WILDE & BROWNE are indie pop singer-songwriter Cha Wilde and guitarist Davey Browne, who have teamed up to create a self-titled album of some sonic depth. The real-life married couple’s collaboration explores themes of seduction, love, polyamory, sex, and freedom, revealing much of their indie influences and pointing to an exciting direction for the duo. The album features eight original tracks, perfectly showcasing the couple’s excellent songwriting and Wilde’s soft and stunning vocals.

WILDE & BROWNE said in their press release, “For 37 days in a row, we woke up and wrote a brand new song from scratch. Thirty-seven songs total were created in the winter months. We wanted to see what we could create while racing the 24-hour clock. The limitation would push us to grow. Some days we were at home and had all day to produce music. On other days we were traveling or busy with other tasks, and the pressure to create a full song forced us to get creative. We wrote <<One Dollar Chinese Food>> the final track on the album, in the car driving from Seattle to Portland. We traded perfectionism for momentum. At the end of our everyday songwriting project, we selected our favorite songs and polished them up, preparing them for release as this album. We dropped this album on our fifth wedding anniversary, celebrating how much we’ve grown as artists together.”

Opener ‘Tangled,’ atmospheric and playful, immediately evokes a sense of curiosity, and you find yourself tangled on the album (pun intended). While an incredibly well-established mix of tasteful acoustic guitar and bass dominates, Wilde’s voice lingers in the memory long after the final chords. ‘Black Bunny Ears’ opens with softly strummed acoustic guitar and gentle percussion powered by lovely songwriting. As the band’s personal story develops, they reflect even more on connection, love, and freedom to do whatever brings you joy. You can’t help but notice Cha’s smile-inducing sounds, making this love confession all the more relatable.

‘Twisted Melodies’ and ‘Free Summer’ lift the pace a little and shows the duo’s folky influences. While they are both colorful tracks, I would have wished that ‘Free Summer’ to be a bit longer, as it feels almost addictive when Cha sings, “I spend my summer so free/ Free free summer free free free summer free.” Then comes ‘Love and Fuck’, a musical and songwriting prowess. And as Wilde sings, “All I wanna do is love and fuck”, she delivers a range of dynamic contracts: soft vocals, angsty lyrics, and big payoffs. We’re only halfway through the album, and the quality of instrumentals, vocals, songwriting, and productions makes it evident that we are in incredibly safe hands.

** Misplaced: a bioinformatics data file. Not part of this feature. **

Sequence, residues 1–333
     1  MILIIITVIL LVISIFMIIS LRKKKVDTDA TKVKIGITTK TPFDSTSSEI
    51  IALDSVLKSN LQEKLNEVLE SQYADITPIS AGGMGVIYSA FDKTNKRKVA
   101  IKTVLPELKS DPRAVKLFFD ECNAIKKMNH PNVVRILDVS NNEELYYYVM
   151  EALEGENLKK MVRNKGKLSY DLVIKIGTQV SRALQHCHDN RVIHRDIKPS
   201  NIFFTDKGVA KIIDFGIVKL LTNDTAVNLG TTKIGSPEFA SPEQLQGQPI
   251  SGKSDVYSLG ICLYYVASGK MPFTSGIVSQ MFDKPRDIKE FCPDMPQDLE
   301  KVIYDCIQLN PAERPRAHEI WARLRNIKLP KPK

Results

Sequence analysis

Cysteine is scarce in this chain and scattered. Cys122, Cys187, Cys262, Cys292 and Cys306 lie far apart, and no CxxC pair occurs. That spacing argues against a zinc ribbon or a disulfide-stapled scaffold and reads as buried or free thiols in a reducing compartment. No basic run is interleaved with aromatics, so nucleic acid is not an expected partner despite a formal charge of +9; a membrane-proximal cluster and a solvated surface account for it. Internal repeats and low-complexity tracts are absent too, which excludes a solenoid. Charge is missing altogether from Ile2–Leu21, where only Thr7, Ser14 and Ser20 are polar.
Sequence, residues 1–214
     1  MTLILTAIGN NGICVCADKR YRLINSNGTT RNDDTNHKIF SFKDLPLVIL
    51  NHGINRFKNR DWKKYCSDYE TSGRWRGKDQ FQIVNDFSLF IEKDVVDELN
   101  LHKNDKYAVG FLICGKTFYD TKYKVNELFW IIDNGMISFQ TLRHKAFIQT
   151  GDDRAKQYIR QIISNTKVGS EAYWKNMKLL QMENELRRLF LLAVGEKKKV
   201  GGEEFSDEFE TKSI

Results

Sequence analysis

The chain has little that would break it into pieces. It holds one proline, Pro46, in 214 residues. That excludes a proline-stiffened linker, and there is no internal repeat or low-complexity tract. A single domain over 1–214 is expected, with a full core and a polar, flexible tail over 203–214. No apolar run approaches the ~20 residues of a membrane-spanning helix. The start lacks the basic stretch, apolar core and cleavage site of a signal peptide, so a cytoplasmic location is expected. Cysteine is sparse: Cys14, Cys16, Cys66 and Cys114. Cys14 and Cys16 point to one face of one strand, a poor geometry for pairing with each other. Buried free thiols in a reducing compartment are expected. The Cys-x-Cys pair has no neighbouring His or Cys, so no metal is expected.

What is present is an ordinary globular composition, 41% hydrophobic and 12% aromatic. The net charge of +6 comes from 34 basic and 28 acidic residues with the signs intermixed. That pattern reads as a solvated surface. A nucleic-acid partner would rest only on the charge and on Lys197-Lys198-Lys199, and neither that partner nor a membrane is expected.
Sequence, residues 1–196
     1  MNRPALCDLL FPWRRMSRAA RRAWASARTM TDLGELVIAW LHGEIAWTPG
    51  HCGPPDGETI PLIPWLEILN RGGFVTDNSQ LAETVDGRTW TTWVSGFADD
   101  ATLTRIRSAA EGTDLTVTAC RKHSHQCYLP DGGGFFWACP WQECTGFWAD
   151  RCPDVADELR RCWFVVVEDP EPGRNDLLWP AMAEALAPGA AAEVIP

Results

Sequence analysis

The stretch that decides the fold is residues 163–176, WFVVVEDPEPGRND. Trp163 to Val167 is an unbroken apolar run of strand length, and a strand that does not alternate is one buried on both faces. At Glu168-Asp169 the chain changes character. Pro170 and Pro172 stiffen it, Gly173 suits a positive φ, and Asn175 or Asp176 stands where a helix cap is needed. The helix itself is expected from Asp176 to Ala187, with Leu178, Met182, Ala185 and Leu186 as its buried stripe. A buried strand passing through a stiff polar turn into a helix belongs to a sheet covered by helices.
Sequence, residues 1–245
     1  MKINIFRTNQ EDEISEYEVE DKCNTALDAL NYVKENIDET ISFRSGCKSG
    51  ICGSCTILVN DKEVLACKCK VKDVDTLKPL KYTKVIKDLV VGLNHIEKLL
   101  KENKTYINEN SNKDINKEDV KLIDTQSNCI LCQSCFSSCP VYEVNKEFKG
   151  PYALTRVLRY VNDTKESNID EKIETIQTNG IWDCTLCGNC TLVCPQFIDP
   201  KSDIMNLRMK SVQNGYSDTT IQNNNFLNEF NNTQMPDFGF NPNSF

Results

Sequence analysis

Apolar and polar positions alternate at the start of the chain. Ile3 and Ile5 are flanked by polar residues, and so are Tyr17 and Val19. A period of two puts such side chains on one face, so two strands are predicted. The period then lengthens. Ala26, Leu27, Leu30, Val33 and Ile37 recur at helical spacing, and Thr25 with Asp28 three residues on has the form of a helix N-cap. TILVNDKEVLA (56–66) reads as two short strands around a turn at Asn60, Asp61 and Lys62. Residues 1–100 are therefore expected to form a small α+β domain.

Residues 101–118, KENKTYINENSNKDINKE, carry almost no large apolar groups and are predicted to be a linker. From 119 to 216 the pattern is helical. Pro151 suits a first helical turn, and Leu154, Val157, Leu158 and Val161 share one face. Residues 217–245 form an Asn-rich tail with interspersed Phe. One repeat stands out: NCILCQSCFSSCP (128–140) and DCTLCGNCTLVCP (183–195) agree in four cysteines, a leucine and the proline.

Moonship’ is totally delicious—what a beautiful song with its eclectic and soulful production and interpretation. There’s no level of comparison. In fact, why compare? WILDE & BROWNE are what they are: an extremely versatile and talented duo. Both instrumentalists, songwriters, and artists let the music take them on their incredible journey.

After such a delight, it may feel that ‘Goes It’s there’ takes a slight dip, yet you’re surprised to hear Browne singing. Closer ‘One Dollar Chinese Food’ is a song that it’s impossible to listen to only once. The track has hit single written all over it, and if these things would still matter, it’s likely to show up on radio and playlists everywhere soon.

Aside from the memorable melodies, performance, and playing, there’s a serious, brilliant weight to all these songs. WILDE & BROWNE have written an inspiring album celebrating love and sending a message to those who want to find freedom. Incredibly, after finishing the album, I still find myself replaying ‘Moonlight’ – it could be the sound that trips lightly across Americana that it’s a pure pleasure.

This is the album where the end result is the product of far more than music making process, embodying the relationship between the musicians and life. I can’t recommend it enough.

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Still can't tell exactly my origins because of my suspiciously ‘Chinese eyes’.